Wolf Hell! Judge Says Idaho Can Continue Wolf Slaying In Frank Church….

gray wolf wisconsin dnr wi.gov

January 18, 2014

Idaho is wolf hell and the fires are burning hotter than ever for them now that a district judge has refused to stop the extermination of two wolf packs (Monumental and Golden) in the Frank Church-River of No Return Wilderness, after environmental groups filed a lawsuit to halt it. The wolf packs are bothering nobody, they live in a  2.4 million acre wilderness for god-sakes. BUT some elk hunters, who think Idaho is a giant game farm, want more elk to kill for themselves, hence the pressure on IDGF to eradicate even more wolves.  Who do these people think they are? Do they own Idaho’s wildlife? Apparently they do!!

And I highly doubt the Idaho hired gun or guns is just going after two wolf packs. Who in the heck really knows whats going on in that vast wilderness? They could be killing or have already killed wolves from other packs.

Judge Edward J. Lodge’s ruling allows the outrageous trapping and killing of wolves, by a state hired hunter/trapper, to continue. It’s bad enough Idaho allows a year round wolf hunt in some areas of the state or that Wildlife Services and poachers continue to kill them. Now wolves are being trapped and slaughtered in a protected wilderness.

“Hiring a bounty hunter to kill wolves in one of America’s crown-jewel wilderness areas, just to make sure there are more elk for hunters to kill, is one more example of the deeply sad, cruel and reactionary nature of Idaho’s ‘management’ of wolves,” said Noah Greenwald, the Center’s endangered species director. “This outrageous slaughter is a clear reminder of why all of our country’s wolves need the protection of the Endangered Species Act.”……Center For Biological Diversity

We can lay this debacle at the feet of the Obama administration and Congress. Mere months after Obama took office he and his rancher Interior Secretary, Ken Salazar, delisted wolves in Montana and Idaho. Those wolves have been in the cross-hairs of brutal state management ever since and the bloodshed has spread to Wyoming and the Great Lakes.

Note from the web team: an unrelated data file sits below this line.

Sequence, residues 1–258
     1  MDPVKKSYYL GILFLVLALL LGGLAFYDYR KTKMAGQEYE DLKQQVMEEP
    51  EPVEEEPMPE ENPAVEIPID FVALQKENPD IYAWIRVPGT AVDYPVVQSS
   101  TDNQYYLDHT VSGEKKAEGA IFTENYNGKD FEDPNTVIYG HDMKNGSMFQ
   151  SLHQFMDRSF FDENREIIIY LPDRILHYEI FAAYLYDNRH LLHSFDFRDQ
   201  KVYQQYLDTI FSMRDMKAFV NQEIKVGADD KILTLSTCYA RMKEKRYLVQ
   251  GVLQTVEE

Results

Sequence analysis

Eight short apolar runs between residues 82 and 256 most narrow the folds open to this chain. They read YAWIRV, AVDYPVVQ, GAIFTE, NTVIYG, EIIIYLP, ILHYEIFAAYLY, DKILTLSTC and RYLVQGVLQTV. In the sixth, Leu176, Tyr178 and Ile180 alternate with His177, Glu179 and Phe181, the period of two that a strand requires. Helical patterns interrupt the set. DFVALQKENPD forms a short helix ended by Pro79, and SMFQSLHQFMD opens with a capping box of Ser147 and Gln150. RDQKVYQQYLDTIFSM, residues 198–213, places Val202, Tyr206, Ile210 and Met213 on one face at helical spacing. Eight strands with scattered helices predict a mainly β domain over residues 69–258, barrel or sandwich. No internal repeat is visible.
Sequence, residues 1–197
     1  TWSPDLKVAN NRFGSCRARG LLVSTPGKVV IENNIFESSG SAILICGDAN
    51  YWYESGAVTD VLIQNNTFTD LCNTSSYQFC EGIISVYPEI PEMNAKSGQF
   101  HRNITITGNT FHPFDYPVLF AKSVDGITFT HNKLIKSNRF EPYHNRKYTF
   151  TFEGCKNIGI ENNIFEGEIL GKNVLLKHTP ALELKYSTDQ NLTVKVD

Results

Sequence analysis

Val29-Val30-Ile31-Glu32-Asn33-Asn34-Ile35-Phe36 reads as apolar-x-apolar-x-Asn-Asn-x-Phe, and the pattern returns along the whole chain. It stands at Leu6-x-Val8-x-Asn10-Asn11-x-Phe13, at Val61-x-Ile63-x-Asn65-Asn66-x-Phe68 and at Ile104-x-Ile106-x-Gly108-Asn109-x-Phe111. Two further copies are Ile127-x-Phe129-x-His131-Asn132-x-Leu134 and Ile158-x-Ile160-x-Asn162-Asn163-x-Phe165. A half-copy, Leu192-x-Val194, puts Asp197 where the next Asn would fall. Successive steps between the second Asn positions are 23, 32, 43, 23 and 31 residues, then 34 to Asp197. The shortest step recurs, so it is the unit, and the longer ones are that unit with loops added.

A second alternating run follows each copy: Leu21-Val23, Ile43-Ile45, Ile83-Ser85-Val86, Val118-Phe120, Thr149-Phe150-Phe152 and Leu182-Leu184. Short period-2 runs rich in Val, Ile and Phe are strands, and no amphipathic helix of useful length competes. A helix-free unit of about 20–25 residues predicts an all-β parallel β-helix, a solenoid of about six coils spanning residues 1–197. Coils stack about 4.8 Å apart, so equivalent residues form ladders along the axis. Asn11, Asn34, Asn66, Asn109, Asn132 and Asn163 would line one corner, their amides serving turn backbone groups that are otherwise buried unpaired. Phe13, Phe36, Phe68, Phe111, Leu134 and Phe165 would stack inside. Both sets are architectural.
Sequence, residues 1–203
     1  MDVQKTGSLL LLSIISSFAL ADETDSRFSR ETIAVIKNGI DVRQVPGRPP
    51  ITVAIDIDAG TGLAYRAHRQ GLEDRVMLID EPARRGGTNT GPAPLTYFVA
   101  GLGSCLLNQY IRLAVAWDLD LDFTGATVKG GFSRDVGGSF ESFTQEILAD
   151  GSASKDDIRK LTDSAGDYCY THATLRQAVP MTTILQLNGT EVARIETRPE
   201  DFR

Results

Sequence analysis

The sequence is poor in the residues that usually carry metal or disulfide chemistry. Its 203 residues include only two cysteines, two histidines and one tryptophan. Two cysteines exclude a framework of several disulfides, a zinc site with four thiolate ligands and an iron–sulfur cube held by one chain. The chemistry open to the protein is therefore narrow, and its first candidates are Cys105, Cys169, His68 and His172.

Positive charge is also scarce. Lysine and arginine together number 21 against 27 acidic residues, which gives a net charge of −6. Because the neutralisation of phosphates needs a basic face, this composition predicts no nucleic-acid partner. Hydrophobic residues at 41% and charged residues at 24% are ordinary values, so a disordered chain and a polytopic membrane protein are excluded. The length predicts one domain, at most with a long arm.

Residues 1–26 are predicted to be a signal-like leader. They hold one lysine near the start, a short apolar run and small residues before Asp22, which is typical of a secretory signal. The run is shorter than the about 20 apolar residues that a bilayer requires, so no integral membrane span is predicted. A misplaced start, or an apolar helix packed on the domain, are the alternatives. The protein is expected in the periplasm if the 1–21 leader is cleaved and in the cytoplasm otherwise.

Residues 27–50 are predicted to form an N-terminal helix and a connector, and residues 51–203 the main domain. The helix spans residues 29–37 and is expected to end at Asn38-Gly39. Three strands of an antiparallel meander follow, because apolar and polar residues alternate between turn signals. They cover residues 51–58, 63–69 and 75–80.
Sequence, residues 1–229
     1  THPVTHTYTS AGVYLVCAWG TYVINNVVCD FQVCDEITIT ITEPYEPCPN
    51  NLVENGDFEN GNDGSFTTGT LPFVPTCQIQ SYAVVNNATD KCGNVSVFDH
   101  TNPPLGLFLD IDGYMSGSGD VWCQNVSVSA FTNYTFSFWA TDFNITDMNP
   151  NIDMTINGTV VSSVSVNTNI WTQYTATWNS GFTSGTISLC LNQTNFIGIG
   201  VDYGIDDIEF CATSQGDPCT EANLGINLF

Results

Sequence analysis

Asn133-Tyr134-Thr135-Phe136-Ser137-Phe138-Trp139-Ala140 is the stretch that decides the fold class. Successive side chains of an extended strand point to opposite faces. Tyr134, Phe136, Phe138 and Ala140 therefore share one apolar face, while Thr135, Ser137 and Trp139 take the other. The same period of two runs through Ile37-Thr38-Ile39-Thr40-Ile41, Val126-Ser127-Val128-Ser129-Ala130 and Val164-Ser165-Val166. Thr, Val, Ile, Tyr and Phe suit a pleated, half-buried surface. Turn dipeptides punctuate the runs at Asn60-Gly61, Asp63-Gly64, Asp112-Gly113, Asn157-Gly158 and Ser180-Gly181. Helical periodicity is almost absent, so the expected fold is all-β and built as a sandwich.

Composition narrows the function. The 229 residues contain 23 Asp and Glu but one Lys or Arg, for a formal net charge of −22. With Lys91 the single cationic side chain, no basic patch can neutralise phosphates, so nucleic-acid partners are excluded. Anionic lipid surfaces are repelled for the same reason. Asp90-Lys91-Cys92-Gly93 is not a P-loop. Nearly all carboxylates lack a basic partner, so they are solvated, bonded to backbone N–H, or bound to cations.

The environmental groups plan to appeal the ruling to the 9th Circuit but that could be a lengthy process, meanwhile wolves continue to suffer and die. The only solution to the savage wolf killing, that’s gripped the Northern Rockies and Great Lakes, is to place gray wolves back on the Endangered Species List!


Judge Lodge Issues Ruling Allowing Wolf Extermination in Frank Church-River of No Return Wilderness

U.S. District Judge for Idaho Edward J. Lodge has issued a ruling denying plaintiffs’ case against an ongoing plan to eradicate two wolf packs in Idaho’s Frank Church-River of No Return Wilderness. The judge ruled that plaintiffs are unlikely to prevail based on the merits of the case because the US Forest Service’s decision to allow Idaho Department of Fish and Game to use the cabin and airstrip at Cabin Creek was not a final agency action that is reviewable. The US Forest Service claims that it is still evaluating the wolf eradication plan and that it has not taken a final agency action. The Judge also ruled that the removal of wolves in the Frank Church-River of No Return Wilderness does not constitute irreparable harm because the actions don’t irreparably harm the species as a whole.

So far the trapper has killed 9 wolves.

Read more: http://www.thewildlifenews.com/2014/01/17/judge-lodge-issues-ruling-allowing-wolf-extermination-in-frank-church-river-of-no-return-wilderness/


Definition of Wilderness (from the 1964 Wilderness Act)